FIG. 1
figure 1

The experimental design showing time points for ABR recordings (downward arrows) 1 week before the first noise exposure and 24 h, 1 week, 2 weeks, and 5 weeks after each of the repeated moderate noise exposures (thin upward arrows) followed by high-intensity noise exposure (thick upward arrow). The horizontal arrows after the five animal groups correspond to time spent in the experiment.

Noise Exposures

Two freely moving rats were simultaneously exposed in individual cages, centrally placed side by side inside a soundproof box with the dimensions 104 × 78 × 112 cm (width × depth × height). The noise, generated using Brüel & Kjær 3560-C PULSE hardware and a LAB 300 amplifier with PULSE LabShop Version software (Brüel & Kjær, Denmark), was presented through a transducer (Model 2482, JBL, LA, USA) with a Beyma TD-360 horn (Acustica Beyma, Spain) centrally positioned inside the box, 85 cm above the animal cages. The noise was calibrated using a microphone (Brüel & Kjær, Denmark) placed between the cages and adjusted to the desired level before each exposure. Prior to the experiments, the noise level was recorded at each of the four corners of the cages and shown to vary by ±2 dB SPL.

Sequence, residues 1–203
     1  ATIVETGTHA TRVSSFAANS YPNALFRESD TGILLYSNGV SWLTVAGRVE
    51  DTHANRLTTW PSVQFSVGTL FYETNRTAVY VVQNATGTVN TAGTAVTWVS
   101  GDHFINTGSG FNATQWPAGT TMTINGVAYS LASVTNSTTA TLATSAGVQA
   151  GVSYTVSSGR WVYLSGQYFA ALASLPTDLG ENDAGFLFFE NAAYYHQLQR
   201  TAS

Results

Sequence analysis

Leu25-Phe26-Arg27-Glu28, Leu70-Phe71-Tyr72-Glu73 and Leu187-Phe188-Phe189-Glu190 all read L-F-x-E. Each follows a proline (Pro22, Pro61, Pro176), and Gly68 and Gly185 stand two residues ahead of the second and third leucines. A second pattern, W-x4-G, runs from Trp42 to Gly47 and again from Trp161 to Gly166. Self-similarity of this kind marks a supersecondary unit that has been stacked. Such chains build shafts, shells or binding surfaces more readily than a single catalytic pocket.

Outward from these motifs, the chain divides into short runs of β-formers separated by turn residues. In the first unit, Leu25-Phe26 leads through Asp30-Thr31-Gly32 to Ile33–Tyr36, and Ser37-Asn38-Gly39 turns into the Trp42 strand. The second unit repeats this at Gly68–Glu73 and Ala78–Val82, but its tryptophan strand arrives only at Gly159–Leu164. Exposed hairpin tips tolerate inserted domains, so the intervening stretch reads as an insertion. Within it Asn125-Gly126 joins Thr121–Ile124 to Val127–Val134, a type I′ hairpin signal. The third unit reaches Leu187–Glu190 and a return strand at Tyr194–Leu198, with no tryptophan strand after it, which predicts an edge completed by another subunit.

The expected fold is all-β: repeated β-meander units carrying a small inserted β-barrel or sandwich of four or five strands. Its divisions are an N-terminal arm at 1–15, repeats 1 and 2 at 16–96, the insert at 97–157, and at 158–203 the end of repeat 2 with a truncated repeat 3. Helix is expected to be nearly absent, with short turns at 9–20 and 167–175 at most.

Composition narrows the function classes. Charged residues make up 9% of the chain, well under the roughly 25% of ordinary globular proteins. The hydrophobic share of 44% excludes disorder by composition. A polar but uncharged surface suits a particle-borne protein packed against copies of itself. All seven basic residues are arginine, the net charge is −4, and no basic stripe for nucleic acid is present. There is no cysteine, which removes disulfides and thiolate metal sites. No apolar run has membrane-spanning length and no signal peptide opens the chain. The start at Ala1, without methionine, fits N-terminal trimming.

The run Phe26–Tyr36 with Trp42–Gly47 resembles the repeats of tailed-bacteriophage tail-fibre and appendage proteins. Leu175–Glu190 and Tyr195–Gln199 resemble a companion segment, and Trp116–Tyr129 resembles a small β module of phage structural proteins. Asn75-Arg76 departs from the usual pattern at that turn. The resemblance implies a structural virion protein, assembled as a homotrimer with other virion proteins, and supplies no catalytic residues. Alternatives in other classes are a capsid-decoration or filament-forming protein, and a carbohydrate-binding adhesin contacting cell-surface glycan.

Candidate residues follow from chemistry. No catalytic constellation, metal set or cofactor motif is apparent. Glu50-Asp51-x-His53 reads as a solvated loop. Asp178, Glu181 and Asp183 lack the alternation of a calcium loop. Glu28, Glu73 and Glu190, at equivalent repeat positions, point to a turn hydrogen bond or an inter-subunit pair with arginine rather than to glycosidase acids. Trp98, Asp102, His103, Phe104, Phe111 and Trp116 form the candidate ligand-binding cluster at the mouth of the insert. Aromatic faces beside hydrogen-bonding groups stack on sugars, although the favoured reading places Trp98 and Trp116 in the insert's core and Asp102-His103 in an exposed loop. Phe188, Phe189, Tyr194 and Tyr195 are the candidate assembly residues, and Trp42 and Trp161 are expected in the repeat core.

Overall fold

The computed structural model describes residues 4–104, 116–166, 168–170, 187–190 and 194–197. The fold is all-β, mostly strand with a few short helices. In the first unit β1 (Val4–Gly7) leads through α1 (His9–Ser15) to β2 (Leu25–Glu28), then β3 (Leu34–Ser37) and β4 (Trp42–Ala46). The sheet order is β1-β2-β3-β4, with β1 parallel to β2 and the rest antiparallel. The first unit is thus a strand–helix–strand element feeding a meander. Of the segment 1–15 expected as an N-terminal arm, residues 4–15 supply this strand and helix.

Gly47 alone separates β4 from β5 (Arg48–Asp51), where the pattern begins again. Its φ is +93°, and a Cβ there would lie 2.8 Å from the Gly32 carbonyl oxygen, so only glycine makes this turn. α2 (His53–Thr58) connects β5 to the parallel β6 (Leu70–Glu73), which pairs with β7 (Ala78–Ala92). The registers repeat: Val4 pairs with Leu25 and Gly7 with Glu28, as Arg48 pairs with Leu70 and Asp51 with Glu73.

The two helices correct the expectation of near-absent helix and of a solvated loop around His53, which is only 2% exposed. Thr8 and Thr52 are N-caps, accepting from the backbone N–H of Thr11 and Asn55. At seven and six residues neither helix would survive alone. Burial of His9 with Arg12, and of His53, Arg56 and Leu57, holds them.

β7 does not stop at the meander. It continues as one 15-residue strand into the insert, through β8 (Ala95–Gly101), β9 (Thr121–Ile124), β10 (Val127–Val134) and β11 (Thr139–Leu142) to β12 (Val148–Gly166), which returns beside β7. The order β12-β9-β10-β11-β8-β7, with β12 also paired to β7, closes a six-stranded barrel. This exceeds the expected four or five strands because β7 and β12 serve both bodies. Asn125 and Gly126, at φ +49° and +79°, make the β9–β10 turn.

For repeated moderate noise exposures, the rats were exposed to broadband free-field noise, 2–20 kHz, at a 50 % duty cycle (500 ms of exposure each second) for 90 min at intensity levels of 101, 104, 107, or 110 dB SPL. Groups that showed no permanent threshold shift after six repetitions (i.e., the 101 and the 104 dB SPL groups) and the non-exposed control group were then exposed to a high-intensity noise of 110 dB SPL (narrowband free-field noise, 3.2 kHz bandwidth) for 4 h.

Hearing Assessment by Recording Auditory Brainstem Responses